Raila Odinga addresses the press in Nairobi on Wednesday , announcing his change of mind about mounting a legal challenge to the result of the hotly contested presidential election / Photo: ENO

Kenyan opposition leader to challenge Kenyatta’s re-election in court

Leader of the Kenyan opposition Raila Odinga will take his claim that last week’s presidential election was rigged to the country’s Supreme Court.

Although foreign observers said the vote was free and fair, Odinga, who lost out to incumbent President Uhuru Kenyatta, has accused the electoral authorities of fraud tantamount to “democracy’s slaughter”.

He said his party, the left wing National Super Alliance political coalition, had collected concrete evidence of massive irregularities that were allegedly used to rig the vote.

The official results gave Kenyatta about 54 per cent of the vote, and Odinga 45 per cent.

The international community called on Odinga to accept defeat after his claims sparked violent riots across the East African country, echoing the upheaval seen following a disputed election in 2007 which left 1,100 dead and 600,000 displaced.

It is hoped the legal challenge will help to reduce tensions.

Raila Odinga consoles the children of Chris Msando, the official at the Kenyan electoral commission responsible for the electronic voting system who was murdered days to the 8 August polls, in Nairobi. Disturbances following the election claimed 24 lives, according to the police. The opposition puts the figure much higher / Photo: ROF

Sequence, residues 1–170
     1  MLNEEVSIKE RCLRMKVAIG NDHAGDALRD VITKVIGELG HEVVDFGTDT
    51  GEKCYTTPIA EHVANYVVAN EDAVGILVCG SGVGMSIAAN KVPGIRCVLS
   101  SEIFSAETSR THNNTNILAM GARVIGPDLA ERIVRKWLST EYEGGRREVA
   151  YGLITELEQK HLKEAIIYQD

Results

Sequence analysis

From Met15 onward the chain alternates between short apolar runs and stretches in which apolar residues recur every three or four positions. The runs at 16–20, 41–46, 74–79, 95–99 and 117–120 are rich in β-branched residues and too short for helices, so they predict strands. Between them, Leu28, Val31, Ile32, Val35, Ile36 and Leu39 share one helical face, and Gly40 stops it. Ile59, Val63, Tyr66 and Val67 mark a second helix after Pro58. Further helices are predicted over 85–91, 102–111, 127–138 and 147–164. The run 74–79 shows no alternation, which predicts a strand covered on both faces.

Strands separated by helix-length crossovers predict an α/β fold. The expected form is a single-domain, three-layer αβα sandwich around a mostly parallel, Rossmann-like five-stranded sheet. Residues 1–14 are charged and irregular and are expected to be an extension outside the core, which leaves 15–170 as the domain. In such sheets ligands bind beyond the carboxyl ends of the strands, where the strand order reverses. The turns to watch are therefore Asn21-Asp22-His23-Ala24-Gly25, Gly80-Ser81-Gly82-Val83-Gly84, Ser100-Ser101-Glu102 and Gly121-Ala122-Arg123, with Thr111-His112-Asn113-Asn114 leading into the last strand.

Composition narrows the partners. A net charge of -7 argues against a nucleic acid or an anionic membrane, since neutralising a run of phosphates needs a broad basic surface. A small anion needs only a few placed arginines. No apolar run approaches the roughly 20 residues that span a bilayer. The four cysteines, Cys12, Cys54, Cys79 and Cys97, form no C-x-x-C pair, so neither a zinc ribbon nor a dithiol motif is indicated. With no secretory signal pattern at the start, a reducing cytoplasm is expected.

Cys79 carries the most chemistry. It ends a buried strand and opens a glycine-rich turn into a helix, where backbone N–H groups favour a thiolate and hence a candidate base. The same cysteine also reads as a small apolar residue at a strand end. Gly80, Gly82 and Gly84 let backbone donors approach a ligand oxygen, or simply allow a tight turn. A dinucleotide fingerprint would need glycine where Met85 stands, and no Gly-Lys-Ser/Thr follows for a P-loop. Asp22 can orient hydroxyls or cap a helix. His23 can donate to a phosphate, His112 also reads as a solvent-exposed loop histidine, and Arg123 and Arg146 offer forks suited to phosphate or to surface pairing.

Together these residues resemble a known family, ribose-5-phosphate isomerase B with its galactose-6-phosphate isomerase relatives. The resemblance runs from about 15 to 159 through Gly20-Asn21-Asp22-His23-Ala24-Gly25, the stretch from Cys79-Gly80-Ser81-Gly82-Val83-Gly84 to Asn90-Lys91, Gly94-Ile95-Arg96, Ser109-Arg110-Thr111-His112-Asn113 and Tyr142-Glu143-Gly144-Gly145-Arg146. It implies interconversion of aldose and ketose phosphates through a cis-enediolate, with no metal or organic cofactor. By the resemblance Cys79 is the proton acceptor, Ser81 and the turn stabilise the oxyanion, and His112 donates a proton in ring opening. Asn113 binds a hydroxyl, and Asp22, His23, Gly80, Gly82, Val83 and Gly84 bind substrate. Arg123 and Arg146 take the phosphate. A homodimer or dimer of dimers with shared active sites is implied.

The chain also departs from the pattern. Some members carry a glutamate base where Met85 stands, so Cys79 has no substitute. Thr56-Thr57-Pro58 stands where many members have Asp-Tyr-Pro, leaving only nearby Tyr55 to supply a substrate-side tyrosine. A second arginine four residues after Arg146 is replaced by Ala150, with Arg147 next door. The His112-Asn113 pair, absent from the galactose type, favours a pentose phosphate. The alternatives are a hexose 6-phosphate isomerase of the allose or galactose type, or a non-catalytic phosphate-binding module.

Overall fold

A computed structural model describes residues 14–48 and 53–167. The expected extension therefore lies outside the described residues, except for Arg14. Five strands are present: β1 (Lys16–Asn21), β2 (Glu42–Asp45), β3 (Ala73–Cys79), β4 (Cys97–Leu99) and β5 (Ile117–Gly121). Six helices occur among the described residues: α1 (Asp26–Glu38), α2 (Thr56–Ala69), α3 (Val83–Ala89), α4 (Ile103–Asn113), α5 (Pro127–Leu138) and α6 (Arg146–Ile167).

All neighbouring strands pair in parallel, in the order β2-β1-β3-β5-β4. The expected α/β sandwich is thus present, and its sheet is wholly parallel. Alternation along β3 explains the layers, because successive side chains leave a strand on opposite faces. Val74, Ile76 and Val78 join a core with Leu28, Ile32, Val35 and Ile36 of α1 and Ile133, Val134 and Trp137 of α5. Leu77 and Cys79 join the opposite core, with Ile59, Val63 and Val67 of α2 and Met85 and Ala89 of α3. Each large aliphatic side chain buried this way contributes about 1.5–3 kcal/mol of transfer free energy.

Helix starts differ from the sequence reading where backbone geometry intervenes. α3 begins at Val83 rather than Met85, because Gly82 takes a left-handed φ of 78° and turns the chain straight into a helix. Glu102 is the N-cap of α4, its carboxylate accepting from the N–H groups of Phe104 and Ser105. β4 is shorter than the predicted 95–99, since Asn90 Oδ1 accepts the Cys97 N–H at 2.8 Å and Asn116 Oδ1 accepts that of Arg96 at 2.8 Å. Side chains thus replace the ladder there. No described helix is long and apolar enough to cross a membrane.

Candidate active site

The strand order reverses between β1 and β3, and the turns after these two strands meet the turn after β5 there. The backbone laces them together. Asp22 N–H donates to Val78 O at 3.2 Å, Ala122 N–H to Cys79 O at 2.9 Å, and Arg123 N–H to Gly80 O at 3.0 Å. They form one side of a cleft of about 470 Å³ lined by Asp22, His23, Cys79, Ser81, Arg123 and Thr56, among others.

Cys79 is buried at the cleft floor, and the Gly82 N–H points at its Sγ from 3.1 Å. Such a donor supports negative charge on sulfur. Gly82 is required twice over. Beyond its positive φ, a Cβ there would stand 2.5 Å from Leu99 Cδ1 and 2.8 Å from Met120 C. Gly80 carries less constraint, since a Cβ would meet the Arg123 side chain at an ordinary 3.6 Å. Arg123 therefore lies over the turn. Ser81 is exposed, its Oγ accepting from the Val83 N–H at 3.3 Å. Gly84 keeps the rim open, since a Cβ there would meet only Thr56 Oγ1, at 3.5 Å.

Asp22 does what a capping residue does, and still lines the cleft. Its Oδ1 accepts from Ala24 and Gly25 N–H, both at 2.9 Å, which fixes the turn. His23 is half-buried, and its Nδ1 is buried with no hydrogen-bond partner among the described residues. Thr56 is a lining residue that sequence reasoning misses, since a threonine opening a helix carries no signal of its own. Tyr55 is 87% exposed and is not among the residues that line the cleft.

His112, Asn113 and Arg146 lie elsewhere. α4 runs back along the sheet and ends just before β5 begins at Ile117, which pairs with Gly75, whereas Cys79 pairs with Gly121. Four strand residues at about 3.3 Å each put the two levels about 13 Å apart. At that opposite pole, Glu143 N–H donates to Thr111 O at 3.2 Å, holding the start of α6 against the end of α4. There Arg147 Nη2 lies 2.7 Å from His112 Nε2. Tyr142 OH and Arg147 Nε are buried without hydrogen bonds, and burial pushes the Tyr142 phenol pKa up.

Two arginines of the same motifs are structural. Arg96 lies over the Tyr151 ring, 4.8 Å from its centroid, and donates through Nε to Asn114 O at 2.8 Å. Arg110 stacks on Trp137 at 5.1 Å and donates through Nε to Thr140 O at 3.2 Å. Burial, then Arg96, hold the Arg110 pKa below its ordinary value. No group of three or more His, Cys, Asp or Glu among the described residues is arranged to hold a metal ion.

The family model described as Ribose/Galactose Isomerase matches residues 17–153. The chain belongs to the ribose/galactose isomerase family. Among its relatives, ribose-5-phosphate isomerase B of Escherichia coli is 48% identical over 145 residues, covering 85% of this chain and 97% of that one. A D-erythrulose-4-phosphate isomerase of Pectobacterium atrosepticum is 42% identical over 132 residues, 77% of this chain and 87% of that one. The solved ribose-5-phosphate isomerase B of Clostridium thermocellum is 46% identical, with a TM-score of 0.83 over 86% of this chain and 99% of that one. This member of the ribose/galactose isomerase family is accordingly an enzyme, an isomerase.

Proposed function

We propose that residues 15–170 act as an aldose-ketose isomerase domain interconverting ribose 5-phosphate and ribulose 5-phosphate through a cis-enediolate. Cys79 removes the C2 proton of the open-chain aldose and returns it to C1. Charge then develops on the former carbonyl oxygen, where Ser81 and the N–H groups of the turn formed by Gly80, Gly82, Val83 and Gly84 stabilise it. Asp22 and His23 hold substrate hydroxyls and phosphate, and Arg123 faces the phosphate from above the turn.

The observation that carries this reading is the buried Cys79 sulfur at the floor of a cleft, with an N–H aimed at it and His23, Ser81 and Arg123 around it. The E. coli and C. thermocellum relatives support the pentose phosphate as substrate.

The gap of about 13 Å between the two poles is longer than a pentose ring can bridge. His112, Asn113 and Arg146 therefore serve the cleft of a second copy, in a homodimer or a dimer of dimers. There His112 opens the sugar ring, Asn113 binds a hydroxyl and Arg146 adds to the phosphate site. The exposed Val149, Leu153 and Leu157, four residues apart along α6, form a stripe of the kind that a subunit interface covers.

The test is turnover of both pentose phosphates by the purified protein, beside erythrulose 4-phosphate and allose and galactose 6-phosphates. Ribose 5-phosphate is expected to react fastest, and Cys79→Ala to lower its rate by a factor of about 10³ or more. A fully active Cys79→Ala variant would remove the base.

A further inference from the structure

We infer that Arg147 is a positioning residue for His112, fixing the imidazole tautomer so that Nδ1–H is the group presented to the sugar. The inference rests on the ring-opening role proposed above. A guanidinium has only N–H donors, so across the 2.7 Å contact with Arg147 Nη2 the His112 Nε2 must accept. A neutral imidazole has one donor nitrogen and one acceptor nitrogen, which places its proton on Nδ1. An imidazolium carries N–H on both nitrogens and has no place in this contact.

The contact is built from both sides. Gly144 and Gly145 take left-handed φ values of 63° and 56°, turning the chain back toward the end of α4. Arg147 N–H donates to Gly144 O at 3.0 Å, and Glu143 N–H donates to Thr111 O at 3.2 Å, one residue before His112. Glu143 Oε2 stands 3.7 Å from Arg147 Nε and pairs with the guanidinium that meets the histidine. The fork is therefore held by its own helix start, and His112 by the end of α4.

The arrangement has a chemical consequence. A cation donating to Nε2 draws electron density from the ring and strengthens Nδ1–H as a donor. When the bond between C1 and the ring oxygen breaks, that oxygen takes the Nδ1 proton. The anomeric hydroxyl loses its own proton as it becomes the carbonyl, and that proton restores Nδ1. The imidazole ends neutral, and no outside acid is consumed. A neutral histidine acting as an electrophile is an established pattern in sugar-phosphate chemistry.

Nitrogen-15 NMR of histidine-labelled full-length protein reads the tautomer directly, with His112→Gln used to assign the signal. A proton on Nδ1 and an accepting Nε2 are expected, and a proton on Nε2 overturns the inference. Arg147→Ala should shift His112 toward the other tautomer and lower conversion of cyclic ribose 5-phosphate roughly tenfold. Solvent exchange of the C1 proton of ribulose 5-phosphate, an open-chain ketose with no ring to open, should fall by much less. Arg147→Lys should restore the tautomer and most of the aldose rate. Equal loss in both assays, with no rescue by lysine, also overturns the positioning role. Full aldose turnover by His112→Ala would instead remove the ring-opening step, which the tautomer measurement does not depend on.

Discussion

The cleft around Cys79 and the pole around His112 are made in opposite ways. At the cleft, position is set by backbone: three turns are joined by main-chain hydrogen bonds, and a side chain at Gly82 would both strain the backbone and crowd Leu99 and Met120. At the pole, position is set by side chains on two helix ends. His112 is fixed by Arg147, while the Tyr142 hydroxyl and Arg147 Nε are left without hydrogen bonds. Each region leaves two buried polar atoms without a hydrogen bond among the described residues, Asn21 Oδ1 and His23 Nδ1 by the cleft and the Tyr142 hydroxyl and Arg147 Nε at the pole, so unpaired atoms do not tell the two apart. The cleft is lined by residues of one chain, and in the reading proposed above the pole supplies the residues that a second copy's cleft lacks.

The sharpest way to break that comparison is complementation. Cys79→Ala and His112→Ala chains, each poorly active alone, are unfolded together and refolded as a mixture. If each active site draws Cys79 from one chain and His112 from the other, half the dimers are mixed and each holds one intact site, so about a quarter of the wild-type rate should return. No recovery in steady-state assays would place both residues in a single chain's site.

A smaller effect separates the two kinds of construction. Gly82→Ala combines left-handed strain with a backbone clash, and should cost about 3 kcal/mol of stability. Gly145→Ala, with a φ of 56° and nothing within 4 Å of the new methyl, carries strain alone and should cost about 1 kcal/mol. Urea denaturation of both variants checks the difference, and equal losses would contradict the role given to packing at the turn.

Odinga said: “The Independent Electoral and Boundaries Commission (IEBC) might have declared Uhuru Kenyatta president, but a vast number of Kenyans have not accepted the legitimacy of the decision, and will not accept it until they have answers to profoundly disturbing questions that have been raised.”

European Union foreign affairs chief Federica Mogherini and former UN Secretary General Kofi Annan led calls for Odinga to formalize his challenge in the courts. President Kenyatta has also urged his embittered rival to take the legal course. “We continue to appeal to those who are not satisfied to use the legal mechanism which has been created by our wonderful constitution,” he said.

But he insisted that his decision did not mean he was giving up the fight.

“We have now decided to move to the Supreme Court to lay before the world the making of a computer-generated leadership,” he told journalists.

“By going to court we aren’t legitimising misplaced calls from some observers for us to concede but are seeking to give to those who braved the long lines in the morning chill and hot afternoon… a chance to be heard.”

Adira Kallo

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